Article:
CR
Cryospheric Sciences

Image of the Week

Cryo-Comm – Capturing Ice

Cryo-Comm – Capturing Ice

In this week’s blogpost, author, editor, artist, and outreach expert Marlo Garnsworthy gives some insights into her recent trip to Iceberg Alley, gives you some tips on how to communicate icy science, and shows us her inspirational artwork. If you’re reading this, ice may be on your mind. Ice is surely on mine. During my day job as a creative and editor, I dip frequently into Twitter for the lates ...[Read More]

Climate Change & Cryosphere – Why is the Arctic sea-ice cover retreating?

Climate Change & Cryosphere – Why is the Arctic sea-ice cover retreating?

The Arctic Ocean surface is darkening as its sea-ice cover is shrinking. The exact processes driving the ongoing sea-ice loss are far from being totally understood. In this post, we will investigate the different causes of the recent retreat of the Arctic sea-ice cover, using the most updated literature… Arctic sea ice is disappearing Due to its geographical position centered around the Nort ...[Read More]

Image of the Week – Looking to the past for answers

We’re only just really starting to comprehend the state and fate of Himalayan glaciers due to a scarcity of research along the monumental mountain range. Climbers and scientists have been observing these lofty glaciers since the 1900s. However, is that looking back far enough? Glacier moraines, featuring in this Image of the Week, can reveal change extending back thousands of years. You may look a ...[Read More]

Image of the Week – Unravelling the mystery of the 2017 Weddell Polynya

The mysterious appearance and disappearance of the Weddell Polynya, a giant hole in the ice, has long puzzled scientists. Recent work reveals that it is tightly tied to energetic storms. Read on to find out more… The eastern side of the Weddell Sea is a region known for its low concentration of sea ice due to the presence of a seamount, an underwater plateau called the Maud Rise. The seamount infl ...[Read More]

Climate Change & Cryosphere – Caucasus Glaciers Receding

Climate Change & Cryosphere – Caucasus Glaciers Receding

The Tviberi Glacier valley is located in the Svaneti Region – a historic province of the Georgian Caucasus. Between 1884 and 2011, climate change has led to a dramatic retreat of the ice in this valley. Other glaciers in the Greater Caucasus evolved in a similar way in past decades. We investigated glaciers and their changes both in-situ and with remote sensing techniques in the 53 river bas ...[Read More]

Image of the Week – The GReenland OCEan-ice interaction project (GROCE): teamwork to predict a glacier’s future

The GROCE project, funded by the German Ministry for Education and Research (BMBF), takes an Earth-System approach to understand what processes are at play for the 79°N glacier (also known as Nioghalvfjerdsfjorden), in northeast Greenland. 79°N is a marine-terminating glacier, meaning it has a floating ice tongue (like an ice shelf) and feeds into the ocean. Approximately 8% of all the ice contain ...[Read More]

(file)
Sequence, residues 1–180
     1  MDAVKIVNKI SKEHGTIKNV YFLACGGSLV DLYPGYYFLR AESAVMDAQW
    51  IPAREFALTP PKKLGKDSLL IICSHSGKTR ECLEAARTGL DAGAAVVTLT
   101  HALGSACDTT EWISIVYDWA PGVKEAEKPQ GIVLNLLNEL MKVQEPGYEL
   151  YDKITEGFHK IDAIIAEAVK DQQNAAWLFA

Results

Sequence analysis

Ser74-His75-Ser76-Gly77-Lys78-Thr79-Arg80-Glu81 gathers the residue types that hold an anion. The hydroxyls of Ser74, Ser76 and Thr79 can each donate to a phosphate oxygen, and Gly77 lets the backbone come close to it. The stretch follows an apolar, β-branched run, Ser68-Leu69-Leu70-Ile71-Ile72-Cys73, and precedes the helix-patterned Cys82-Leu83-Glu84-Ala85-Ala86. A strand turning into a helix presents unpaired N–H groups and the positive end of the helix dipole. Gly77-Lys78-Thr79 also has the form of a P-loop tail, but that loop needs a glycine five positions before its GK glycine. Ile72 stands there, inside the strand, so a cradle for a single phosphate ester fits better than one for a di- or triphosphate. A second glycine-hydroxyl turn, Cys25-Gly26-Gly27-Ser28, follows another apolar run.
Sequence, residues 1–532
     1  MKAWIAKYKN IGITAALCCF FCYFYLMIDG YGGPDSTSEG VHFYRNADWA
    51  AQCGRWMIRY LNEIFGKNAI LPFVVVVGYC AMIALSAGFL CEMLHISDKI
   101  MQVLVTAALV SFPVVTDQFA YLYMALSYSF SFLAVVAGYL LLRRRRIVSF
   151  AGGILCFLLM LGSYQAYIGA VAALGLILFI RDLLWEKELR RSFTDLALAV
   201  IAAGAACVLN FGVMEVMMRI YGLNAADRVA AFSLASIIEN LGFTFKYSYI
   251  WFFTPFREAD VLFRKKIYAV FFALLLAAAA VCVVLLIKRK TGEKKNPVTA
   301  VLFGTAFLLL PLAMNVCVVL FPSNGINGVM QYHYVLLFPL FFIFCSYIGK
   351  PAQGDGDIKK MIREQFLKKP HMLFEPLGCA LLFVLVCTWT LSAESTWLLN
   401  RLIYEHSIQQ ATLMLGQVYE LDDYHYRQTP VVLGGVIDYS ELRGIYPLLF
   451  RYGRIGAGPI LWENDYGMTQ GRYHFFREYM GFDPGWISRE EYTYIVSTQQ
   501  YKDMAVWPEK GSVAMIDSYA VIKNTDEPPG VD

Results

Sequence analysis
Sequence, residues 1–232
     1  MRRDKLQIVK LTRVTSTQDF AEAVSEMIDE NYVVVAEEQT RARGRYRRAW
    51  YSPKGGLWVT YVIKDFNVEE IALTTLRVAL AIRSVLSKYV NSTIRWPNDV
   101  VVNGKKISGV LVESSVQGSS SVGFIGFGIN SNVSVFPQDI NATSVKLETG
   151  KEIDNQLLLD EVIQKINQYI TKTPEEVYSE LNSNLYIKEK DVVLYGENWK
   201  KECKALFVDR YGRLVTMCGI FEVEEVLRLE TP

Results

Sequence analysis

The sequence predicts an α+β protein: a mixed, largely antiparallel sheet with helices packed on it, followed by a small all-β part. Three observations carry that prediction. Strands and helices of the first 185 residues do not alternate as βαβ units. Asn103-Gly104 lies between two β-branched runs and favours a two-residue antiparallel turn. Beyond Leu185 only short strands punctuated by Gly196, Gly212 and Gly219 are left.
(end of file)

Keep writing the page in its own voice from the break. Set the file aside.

Image of the Week – The Lost Meteorites of Antarctica…

Image of the Week – The Lost Meteorites of Antarctica…

 When most people think of Antarctica, meteorites aren’t the first things that come to mind. Perhaps they imagine the huge ice shelves, the desolate interior, or perhaps penguin colonies near one of the scientific bases — but usually not meteorites. So why is our project looking for meteorites in Antarctica, and besides, aren’t they all lost until they are found? Let’s start with the A ...[Read More]

Image of the Week – Who let the (sun)dogs out?

How peaceful it is to contemplate the sky … This is especially true of polar northern or southern skies where the low temperatures can engender unique light phenomena. We often tend call them all, wrongly, sundogs, but in fact, many more phenomena exist. To list a few, you can observe a parhelic circle, a 22° halo, a pair of sun dogs, a lower tangent arc, a 46° halo, a circumzenithal arc, a parry ...[Read More]

Image of the Week – Kicking the ice’s butt(ressing)

Changes in the ice shelves surrounding the Antarctic continent are responsible for most of its current contribution to sea-level rise. Although they are already afloat and do not contribute to sea level directly, ice shelves play a key role through the buttressing effect. But which ice shelf regions are most important for this? The role of ice-shelf buttressing In architecture, the term “buttress” ...[Read More]

Image of the Week – Fifty shades of May (Glacier)

Image of the Week – Fifty shades of May (Glacier)

With over 198 000 glaciers in the world, you can always find a glacier that fits your mood or a given occasion. So why not for example celebrate the first Image of the Week of May with a picture of the aptly named May Glacier? May Glacier is in fact not named after the month, but after Mr May, an officer onboard the Flying Fish during her expedition to the East Antarctic coast in the 1840s. Apart ...[Read More]